Historic Pelham

Presenting the rich history of Pelham, NY in Westchester County: current historical research, descriptions of how to research Pelham history online and genealogy discussions of Pelham families.

Thursday, December 29, 2016

Even New York City Didn't Want to Pay Pelham Taxes

I have written about the massive tax burden that the Town of Pelham faced beginning in the 1880s after New York City began acquiring lands within the Town of Pelham to create Pelham Bay Park.  A judicial decision released by the New York Court of Appeals was construed as permitting New York City to own the lands without having to pay the Town of Pelham any property taxes on those lands.  

Suddenly, Pelham taxpayers faced a major burden.  Although they remained responsible for maintenance of the roads and the provision of services such as constable protection, schools and the like for the area acquired by New York City, the costs of providing those services town-wide was being spread over a much smaller tax base.  In addition, the smaller tax base suddenly found itself responsible for discharging the entirety of the Town's bonded indebtedness that was originally incurred to provide infrastructure for much of the area acquired by New York City.  

Pelham residents made impassioned pleas to their elected officials to pass legislation to require New York City to pay property taxes to the Town.  Local residents wrote letters to the editors of regional newspapers complaining of the injustice.  

For more background regarding this significant period in Pelham's history, see:

Fri., May 20, 2005:  1888 - Pelham Fears Bankruptcy Due to the Creation of Pelham Bay Park.

Fri., Sep. 23, 2005:  Pelham Tries To Kill the Plan to Create Pelham Bay Park: 1887.

Mon., Jan. 21, 2008:  Litigation Over Compensation for Pelham Property Owners Whose Lands Were Taken by New York City for the New Pelham Bay Park.

Wed., Feb. 04, 2009:  Pelham Has Second Thoughts in 1887 About the Proposal To Create Pelham Bay Park.

Thu., Feb. 05, 2009:  New York City Corporation Counsel to Pelham in 1887: We Told You So!

Fri., Feb. 06, 2009:  More on Pelham's Displeasure with the Loss of Pelham Bay Park Lands from the Tax Rolls in the 19th Century.

Tue., Jan. 19, 2010:  Pelham to New York City in 1888:  "You Should Pay Taxes!"

Thu., Jun. 05, 2014:  Pelham Fights City Hall: Pelham Fights Creation of Pelham Bay Park During the 1880s.

Fri., Jun. 13, 2014:  1887 Letter to Editor Details Tax Burdens Pelham Bore Due to the Creation of Pelham Bay Park.

The injustice Pelham faced at the time was very real.  After New York City acquired Pelham lands to create Pelham Bay Park, New York owned about 1,700 acres of land within the Town of Pelham, assessed at about $500,000.  The remainder of the entire town was only roughly 1,300 acres, assessed at about $750,000.  Though much of the cost of maintaining the roads and infrastructure on the lands acquired by New York City would remain the same, owners of a much smaller proportion of the land in the town would be required to bear the tax burden.  .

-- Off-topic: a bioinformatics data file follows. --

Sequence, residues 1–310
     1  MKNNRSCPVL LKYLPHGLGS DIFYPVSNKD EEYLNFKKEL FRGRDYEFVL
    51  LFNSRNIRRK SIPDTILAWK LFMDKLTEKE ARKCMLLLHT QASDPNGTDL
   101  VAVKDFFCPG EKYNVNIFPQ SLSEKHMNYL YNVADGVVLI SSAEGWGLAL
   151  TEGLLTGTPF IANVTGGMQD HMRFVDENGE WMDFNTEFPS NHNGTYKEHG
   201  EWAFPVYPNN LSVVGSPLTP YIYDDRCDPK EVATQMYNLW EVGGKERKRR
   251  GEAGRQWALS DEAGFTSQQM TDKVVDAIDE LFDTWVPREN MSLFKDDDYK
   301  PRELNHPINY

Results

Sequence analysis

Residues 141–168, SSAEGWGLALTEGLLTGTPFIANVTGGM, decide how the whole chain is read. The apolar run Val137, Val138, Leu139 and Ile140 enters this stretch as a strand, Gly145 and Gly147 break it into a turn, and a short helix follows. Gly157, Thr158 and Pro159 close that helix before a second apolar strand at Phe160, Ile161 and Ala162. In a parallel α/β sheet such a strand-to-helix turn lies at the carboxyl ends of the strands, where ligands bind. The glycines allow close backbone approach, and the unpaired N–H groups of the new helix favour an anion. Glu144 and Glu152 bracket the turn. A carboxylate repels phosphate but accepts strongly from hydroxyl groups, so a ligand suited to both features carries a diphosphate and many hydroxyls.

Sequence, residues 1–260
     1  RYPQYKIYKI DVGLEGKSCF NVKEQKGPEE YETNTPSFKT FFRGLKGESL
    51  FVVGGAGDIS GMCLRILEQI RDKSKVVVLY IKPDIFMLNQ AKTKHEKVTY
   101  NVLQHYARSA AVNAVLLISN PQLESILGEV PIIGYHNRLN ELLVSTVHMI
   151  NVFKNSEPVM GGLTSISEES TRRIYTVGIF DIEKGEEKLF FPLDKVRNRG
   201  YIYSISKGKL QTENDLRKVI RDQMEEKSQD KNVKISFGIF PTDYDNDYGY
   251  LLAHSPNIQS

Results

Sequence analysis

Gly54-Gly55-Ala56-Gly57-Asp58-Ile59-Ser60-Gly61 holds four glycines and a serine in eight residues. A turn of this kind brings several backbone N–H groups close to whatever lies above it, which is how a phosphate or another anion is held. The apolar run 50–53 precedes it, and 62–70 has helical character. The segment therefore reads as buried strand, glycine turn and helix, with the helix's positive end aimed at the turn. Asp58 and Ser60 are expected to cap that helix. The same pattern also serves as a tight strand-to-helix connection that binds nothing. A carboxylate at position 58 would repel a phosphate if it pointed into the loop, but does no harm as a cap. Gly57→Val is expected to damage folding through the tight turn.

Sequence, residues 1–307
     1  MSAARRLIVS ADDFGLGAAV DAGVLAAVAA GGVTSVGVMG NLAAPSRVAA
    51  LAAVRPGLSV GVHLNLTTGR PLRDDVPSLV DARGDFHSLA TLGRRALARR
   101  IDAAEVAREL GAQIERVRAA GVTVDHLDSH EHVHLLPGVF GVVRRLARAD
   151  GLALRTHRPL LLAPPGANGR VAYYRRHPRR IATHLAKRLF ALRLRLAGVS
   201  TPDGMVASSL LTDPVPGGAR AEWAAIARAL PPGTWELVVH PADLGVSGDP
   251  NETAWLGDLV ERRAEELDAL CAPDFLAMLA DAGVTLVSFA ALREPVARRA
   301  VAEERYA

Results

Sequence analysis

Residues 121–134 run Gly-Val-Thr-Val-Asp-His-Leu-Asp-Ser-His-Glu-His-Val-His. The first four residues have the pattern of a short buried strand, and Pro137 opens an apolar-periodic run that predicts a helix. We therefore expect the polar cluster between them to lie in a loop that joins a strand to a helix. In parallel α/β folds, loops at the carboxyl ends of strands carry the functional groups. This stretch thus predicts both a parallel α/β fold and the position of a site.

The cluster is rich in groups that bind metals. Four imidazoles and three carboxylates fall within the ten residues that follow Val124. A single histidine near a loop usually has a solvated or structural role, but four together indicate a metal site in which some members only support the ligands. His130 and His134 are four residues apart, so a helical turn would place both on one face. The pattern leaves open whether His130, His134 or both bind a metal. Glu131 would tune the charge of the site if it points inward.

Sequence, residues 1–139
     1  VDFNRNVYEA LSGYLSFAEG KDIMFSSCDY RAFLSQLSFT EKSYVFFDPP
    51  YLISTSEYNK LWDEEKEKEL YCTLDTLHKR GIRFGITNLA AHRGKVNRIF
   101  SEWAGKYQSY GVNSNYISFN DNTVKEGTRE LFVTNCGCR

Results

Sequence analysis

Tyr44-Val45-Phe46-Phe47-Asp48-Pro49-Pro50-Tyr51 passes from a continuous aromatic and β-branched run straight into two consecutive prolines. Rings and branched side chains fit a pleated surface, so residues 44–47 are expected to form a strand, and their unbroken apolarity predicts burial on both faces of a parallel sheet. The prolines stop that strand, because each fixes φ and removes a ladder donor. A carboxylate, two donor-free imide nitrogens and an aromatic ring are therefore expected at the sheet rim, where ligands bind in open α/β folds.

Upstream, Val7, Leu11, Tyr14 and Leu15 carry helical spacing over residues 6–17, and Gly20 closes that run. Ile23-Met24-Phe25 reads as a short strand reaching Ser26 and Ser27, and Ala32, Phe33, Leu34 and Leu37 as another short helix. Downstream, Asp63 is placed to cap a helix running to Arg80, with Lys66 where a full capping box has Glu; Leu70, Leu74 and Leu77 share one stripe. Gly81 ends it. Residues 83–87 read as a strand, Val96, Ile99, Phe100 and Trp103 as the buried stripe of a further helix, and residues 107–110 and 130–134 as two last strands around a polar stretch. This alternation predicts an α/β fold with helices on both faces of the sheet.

The local tax rate applicable to the poor citizens who owned land in the portions of Pelham that were not purchased by New York City for use in Pelham Bay Park skyrocketed to 6% -- multiples of the previous tax rate.  As Pelhamites repeatedly pointed out, if New York City were to be required to pay taxes on the Pelham lands it owned, New York City residents would experience a tax increase of only one-eight-hundredth of one percent!  Pelham was outraged and battled the issue as New York City worked to annex Pelham Bay Park (as well as City Island and other portions of the surrounding region) in the mid-1890s.

Today's posting to the Historic Pelham Blog transcribes the text of a brief article regarding the issue published in The Sun of New York City on February 5, 1888.  The text is followed by a citation and link to its source.  

1905 Map of Pelham Bay Park. Source: Office of the President
of the Borough of the Bronx Topographical Bureau, Topographical
Survey Sheets of the Borough of the Bronx Easterly of the Bronx
of the Bronx River" (1905) (Lionel Pincus and Princess Firyal Map
Division, The New York Public Library). NOTE: Click Image to Enlarge.

*          *          *          *          *

"Rough on Pelham, but Must We Pay for It?

The city of New York insisted that if it had got to buy 1,700 acres of the town of Pelham for a park that it didn't want, at least it should not be compelled to pay taxes to the town of Pelham on the land.  It got this condition enacted into the law.

Now W. R. Lamberton writes to Mayor Hewitt asking him to support a bill introduced in the Assembly providing for the continued taxation at the present assessed value new parkland laid out outside of the city.  He puts his plea on the ground that otherwise the tax rate of Pelham, which town has only 1,300 acres left, will be raised to six per cent., and that that will bankrupt the town, which has already a flourishing bonded debt.

Mr. Lamberton does not say that the city is responsible for the unfortunate condition of the town, but he says that the city is rich, or, as he puts it:

'Do you think it is right to aid in oppressing the poor fishermen of City Island and the day laborers of Pelhamville, and in destroying the values of their little homes merely to save New York 1-800 of 1 per cent. in the New York city tax rate?'

The 1,700 acres are assessed at $500,000, and the rest of Pelham $700,000, Mr. Lamberton says that the town never encouraged the park scheme."

Source:  Rough on Pelham, but Must We Pay for It?, The Sun [NY, NY], Feb 5, 1888, p. 11, col. 6.  

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